“Call me Trim Tab” — A complete index of my writing

Japanese design studio Nendo recreates the impossible world of M.C. Escher in an immersive exhibition at The National Gallery of Victoria in Melbourne. (All photography by Eugene Hyland)

I have gathered a posy of other men’s flowers, and nothing but the thread that binds them is mine own.” — Michel de Montaigne

Since I started using Twitter, I have created a library of more than 25,000 articles, talks, thoughts and ideas on subjects ranging from developmental psychology, social anthropology and cognitive science to architecture, art and philosophy. It is, in the words of the French philosopher Michel de Montaigne, “a posy of other men’s flowers” with my meandering curiosity as “the thread that binds them.” The myriad connections and combinations become explicit through my work with senior executives and leadership teams. This is where and how my thinking as ‘comprehensivist’ flourishes.

I share some of these connections in a weekly curation of my tweets: Reading notes (previously called Randon finds). Apart from these, there are also my irregular Working Notes of a Practising Neo-Generalist. You will find the links to these notes and to some ‘miscellaneous writings’ right at the end.



At the end of August 2020, after a year-long break from writing, I revived my weekly curation as Reading notes.


Mid-April 2019, I took a break from writing that would last well into 2020.


In 2018, Random finds experienced two lengthy breaks: from week 13 to 21 and 35 to 43.



Working Notes of a Practising Neo-Generalist

Miscellaneous writings

Thinking out loud about past, present and future

In 2018, while planning for a transformative learning program to help senior executives make better sense of themselves and the world, Eitan Reich and I shared some of our thoughts and ideas, and talked about our experiences. Our conversations resulted in the following stories. Sadly, the retreat itself never got off the ground.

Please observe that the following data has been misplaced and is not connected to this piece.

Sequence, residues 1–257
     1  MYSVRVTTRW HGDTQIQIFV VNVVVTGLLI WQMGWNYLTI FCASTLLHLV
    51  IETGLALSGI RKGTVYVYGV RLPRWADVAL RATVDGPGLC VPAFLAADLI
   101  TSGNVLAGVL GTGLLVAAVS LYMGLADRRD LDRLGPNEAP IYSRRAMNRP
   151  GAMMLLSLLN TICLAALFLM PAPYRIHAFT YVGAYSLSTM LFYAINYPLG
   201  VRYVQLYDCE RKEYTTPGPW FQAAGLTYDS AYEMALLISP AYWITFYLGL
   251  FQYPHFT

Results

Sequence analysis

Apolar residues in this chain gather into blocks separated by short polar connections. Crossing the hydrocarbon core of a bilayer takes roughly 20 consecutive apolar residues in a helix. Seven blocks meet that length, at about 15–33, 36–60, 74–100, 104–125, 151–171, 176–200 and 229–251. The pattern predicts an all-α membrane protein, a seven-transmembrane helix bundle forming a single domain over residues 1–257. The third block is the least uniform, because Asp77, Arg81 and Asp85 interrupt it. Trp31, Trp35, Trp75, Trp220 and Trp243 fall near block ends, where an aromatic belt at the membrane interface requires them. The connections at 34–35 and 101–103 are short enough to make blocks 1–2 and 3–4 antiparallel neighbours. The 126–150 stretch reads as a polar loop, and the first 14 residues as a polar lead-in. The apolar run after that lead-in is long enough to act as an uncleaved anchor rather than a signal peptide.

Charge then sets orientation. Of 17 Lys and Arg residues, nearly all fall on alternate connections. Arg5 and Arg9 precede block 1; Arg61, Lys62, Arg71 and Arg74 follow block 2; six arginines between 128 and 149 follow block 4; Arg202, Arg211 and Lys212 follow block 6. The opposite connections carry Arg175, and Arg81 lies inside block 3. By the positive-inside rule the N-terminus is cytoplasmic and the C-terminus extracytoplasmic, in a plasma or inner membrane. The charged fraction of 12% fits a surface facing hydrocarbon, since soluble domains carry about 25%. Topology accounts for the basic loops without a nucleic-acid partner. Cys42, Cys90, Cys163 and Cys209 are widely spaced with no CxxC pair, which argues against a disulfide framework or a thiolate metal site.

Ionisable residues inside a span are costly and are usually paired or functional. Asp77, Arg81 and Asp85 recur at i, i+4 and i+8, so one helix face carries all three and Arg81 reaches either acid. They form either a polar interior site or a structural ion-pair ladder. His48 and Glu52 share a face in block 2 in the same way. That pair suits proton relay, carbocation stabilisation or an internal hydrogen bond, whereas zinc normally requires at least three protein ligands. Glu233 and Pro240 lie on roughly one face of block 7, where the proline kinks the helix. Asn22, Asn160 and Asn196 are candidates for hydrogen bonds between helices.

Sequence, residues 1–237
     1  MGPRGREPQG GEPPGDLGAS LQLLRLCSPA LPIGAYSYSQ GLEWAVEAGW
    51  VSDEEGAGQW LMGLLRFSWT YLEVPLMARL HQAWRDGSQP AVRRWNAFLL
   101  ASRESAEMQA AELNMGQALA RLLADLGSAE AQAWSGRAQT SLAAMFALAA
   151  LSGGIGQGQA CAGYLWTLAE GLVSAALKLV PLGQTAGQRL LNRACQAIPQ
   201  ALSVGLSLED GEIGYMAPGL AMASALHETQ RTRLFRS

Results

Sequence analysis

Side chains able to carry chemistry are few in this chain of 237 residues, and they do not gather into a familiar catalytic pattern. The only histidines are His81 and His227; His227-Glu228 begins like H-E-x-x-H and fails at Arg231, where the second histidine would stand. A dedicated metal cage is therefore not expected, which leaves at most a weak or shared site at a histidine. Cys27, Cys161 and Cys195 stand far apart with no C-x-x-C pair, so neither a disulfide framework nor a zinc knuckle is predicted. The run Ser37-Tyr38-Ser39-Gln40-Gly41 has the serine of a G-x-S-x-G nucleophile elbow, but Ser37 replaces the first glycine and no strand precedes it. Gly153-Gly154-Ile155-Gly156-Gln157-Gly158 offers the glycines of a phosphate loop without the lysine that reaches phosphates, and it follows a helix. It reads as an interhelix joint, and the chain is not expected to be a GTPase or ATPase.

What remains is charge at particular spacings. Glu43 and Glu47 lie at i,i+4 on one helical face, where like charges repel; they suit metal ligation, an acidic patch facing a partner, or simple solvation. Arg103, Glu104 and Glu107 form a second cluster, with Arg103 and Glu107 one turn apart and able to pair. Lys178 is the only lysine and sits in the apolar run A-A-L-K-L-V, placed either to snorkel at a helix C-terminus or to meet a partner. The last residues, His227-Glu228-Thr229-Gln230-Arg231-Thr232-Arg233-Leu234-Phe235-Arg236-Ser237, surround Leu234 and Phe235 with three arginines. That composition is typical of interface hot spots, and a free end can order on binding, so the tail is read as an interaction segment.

Secrets of Silicon Valley

In August 2017, the BBC broadcasted a two-part series by tech writer Jamie Bartlett, The Secrets of Silicon Valley, in which he tried to uncover the dark reality behind Silicon Valley’s glittering promise to build a better world. Here are the complete transcripts of both episodes.

Field Notes on Innovation and Entrepreneurship

This is a series of columns written for Intrapreneurship World (rebranded in 2017 as Innov8rs) between September 2016 and January 2017.

“The human brain is a physical mechanism for storing, retrieving, and re-storing again, each special-case experience. The experience is often a packaged concept.” — Richard Buckminster Fuller, a man of timeless wisdom

“Something hit me very hard once, thinking about what one little man could do. Think of the Queen Elizabeth — the whole ship goes by and then comes the rudder. And there’s a tiny thing at the edge of the rudder called a trim tab. It’s a miniature rudder. Just moving the little trim tab builds a low pressure that pulls the rudder around. Takes almost no effort at all. So I said that the little individual can be a trim tab. Society thinks it’s going right by you, that it’s left you altogether. But if you’re doing dynamic things mentally, the fact is that you can just put your foot out like that and the whole big ship of state is going to go. So I said, ‘Call me Trim Tab.’

The truth is that you get the low pressure to do things, rather than getting on the other side and trying to push the bow of the ship around. And you build that low pressure by getting rid of a little nonsense, getting rid of things that don’t work and aren’t true until you start to get that trim-tab motion. It works every time. That’s the grand strategy you’re going for. So I’m positive that what you do with yourself, just the little things you do yourself, these are the things that count. To be a real trim tab, you’ve got to start with yourself, and soon you’ll feel that low pressure, and suddenly things begin to work in a beautiful way. Of course, they happen only when you’re dealing with really great integrity.” — Richard Buckminster Fuller

If you want to know more about my work with senior executives and leadership teams, please visit markstorm.nl or contact me at mark@markstorm.nl.

helping senior executives and leadership teams navigate complexity with wisdom & clarity of thought

helping senior executives and leadership teams navigate complexity with wisdom & clarity of thought